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Nokia Achieve New 5G Mobile Broadband Speed Record of 3Gbps

Friday, January 28th, 2022 (10:29 am) - Score 1,752
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A joint trial conducted by Nokia, China Mobile (CMCC) and MediaTek has successfully achieved a new Standalone 5G (SA) download speed record of 2.94Gbps (Gigabits per second), which isn’t as fast as some previous tests but, crucially, it was achieved using modest amounts of spectrum within the common 700MHz and 2.6GHz bands.

Most of the past 5G speed records, which have gone significantly faster (e.g. Nokia, Elisa and Qualcomm’s 8Gbps test in 2020), have tended to reach such levels by harnessing much higher radio frequencies in the millimetre Wave (mmW) bands. The problem with mmW is that such signals are extremely weak and thus don’t travel very far in a regular mobile environment, which limits their usefulness.

NOTE: mmW bands go up to 300GHz, but 5G mobile networks tend to focus on the 24GHz to 40GHz range.

However, the new trial combined the first deployment 3 Components (3CC) Carrier Aggregation (CA) technology (i.e. combining multiple bands together to boost data speeds and coverage) with 5G FDD spectrum from a much more familiar band (30MHz from the 700MHz / n28 band) and some 5G TDD spectrum (100+60MHz from the 2.6GHz / n41 band). Both 700MHz and 2.6GHz are used in the UK, but the latter is currently a 4G service.

The trial, which utilized Nokia’s AirScale 5G baseband and MediaTek’s Dimensity 9000 5G flagship mobile platform on CMCC’s network in Shanghai, is the first time the n28 and n41 frequency bands have been successfully combined to reach 190MHz of spectrum bandwidth (n28 + n41) with CA technology.

Mark Atkinson, Nokia’s SVP of Radio Access Networks PLM, said:

“Nokia has put a strong focus on leading in 5G Carrier Aggregation. This new speed record, using commercially available hardware and software, highlights how Nokia’s pioneering approach continues to drive important innovation in the market. 5G Carrier Aggregation is a critical technology for mobile operators around the world to maximize the impact of their spectrum holdings and deliver enhanced coverage and capacity to subscribers. Nokia will keep pushing the boundaries of 5G to deliver industry-leading performance.”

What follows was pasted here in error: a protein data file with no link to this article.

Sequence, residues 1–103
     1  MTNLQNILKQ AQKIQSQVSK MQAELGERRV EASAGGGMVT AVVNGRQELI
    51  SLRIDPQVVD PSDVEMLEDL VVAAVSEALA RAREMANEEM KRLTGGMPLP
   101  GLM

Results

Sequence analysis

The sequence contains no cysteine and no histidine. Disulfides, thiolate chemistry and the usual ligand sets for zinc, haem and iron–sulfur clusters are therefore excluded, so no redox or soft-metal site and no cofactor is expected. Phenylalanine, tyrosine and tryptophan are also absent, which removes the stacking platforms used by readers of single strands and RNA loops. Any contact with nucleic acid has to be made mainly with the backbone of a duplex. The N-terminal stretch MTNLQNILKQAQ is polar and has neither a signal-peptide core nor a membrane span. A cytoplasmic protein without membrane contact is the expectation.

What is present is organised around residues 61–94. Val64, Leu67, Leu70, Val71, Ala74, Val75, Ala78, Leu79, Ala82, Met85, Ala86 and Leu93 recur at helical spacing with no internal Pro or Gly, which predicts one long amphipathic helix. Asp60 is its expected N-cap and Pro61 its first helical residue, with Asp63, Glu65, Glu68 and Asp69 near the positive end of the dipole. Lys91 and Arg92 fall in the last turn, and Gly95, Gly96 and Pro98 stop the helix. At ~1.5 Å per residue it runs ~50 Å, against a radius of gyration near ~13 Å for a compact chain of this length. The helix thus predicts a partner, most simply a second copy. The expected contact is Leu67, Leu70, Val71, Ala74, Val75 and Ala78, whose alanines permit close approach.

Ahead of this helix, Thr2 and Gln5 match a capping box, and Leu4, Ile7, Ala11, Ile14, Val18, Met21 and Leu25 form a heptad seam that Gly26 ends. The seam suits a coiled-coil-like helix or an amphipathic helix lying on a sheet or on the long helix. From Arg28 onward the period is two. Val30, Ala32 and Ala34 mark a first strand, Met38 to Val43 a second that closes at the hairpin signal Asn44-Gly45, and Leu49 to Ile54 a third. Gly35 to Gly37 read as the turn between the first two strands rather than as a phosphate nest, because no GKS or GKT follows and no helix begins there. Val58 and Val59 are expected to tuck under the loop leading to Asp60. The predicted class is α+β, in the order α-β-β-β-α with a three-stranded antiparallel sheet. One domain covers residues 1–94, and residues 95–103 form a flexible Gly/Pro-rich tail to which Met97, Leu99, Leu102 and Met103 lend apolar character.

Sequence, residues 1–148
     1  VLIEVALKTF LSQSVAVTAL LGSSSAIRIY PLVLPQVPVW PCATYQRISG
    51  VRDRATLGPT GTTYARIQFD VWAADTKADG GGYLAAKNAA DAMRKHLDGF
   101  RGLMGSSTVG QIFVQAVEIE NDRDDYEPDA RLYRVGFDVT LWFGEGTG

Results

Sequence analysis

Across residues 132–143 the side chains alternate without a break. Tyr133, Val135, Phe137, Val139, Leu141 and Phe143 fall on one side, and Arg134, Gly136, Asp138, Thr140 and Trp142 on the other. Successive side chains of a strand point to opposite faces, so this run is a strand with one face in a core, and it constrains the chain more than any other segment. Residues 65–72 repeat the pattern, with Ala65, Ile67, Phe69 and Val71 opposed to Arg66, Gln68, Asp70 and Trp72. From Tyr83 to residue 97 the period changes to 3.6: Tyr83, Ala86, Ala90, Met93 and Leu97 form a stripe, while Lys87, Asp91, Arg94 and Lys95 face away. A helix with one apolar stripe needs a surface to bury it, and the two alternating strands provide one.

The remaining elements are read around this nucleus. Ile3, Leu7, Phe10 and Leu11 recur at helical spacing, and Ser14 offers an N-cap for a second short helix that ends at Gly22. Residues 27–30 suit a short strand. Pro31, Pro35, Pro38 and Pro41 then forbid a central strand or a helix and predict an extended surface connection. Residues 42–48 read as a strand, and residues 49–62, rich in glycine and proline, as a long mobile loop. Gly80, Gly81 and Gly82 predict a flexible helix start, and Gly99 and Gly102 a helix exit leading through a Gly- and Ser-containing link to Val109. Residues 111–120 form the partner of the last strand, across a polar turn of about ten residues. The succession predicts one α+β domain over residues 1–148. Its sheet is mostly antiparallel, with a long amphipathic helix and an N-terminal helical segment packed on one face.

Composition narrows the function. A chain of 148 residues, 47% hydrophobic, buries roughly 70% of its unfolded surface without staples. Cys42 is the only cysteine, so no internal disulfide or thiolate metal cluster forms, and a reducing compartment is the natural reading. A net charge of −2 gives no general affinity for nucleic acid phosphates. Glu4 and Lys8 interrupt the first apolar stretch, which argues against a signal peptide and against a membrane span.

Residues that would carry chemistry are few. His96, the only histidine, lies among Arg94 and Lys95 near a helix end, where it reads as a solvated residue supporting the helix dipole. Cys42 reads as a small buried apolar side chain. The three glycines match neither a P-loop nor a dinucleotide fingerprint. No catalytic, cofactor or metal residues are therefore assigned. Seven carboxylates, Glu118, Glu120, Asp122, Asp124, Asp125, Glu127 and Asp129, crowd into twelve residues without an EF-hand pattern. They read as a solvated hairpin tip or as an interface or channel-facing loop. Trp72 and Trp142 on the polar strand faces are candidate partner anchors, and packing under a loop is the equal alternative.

In an ideal world we could perhaps take this as a rough indication of the sort of performance improvements that should be coming to mainstream 5G mobile networks in the next few years. This may be particularly true once 5G SA starts to achieve some good coverage (existing 5G deployments in the UK still have some reliance on 4G, which holds them back).

But as usual we don’t know much about the test setup above, particularly in terms of the antenna design, power levels, weather conditions (we suspect perfect weather) and distances involved. A speed of 2.94Gbps sounds great, but not so much if it only occurred over a handful of metres (we don’t know if it did or not). In any case, there’s clearly a lot more speed to come from future 5G upgrades.

Leave a Comment
3 Responses
  1. Sham Networks says:

    3 Gbit/sec sounds great on the radio interface

    until you realise network providers are only ordering 1Gb backhauls and furthermore only leasing partial capacity on that link to absolutely skimp on costs.

    Total utter waste of money, networks are forever over-promising, forever under-delivering.

    Can’t even send a whatsapp message in the afternoons mon-fri in my area, that’s how bad it has become.

    Looking at Cellmapper, the network builds round here are a total disgrace, so many discrepancies in build, most sites are single band, they fought for 2600 bands but clearly hardly even been rolled out. What a farce.

    All this points to utter mismanagement, wilfully knowing the sites are hammered but not bothering to upgrade to additional bands.

    Sorry not impressed in the slightest. 3G has a brighter future.

    1. Mark Jackson says:

      Guessing you live in an area with a lot of those problems, and they certainly do exist, but across the wider UK the networks do seem to be getting faster – as shown via various benchmarks from Ookla, Rootmetrics, Opensignal, Ofcom etc. It’s also worth pointing out that operators can order more backhaul when it’s needed, and the realities of “best efforts” consumer provision means that the backhaul goes a lot further than you may think.

  2. Marcin says:

    What a BS, yes in the paper look good in realaity speeds are the same as 4h , no difference what so ever…

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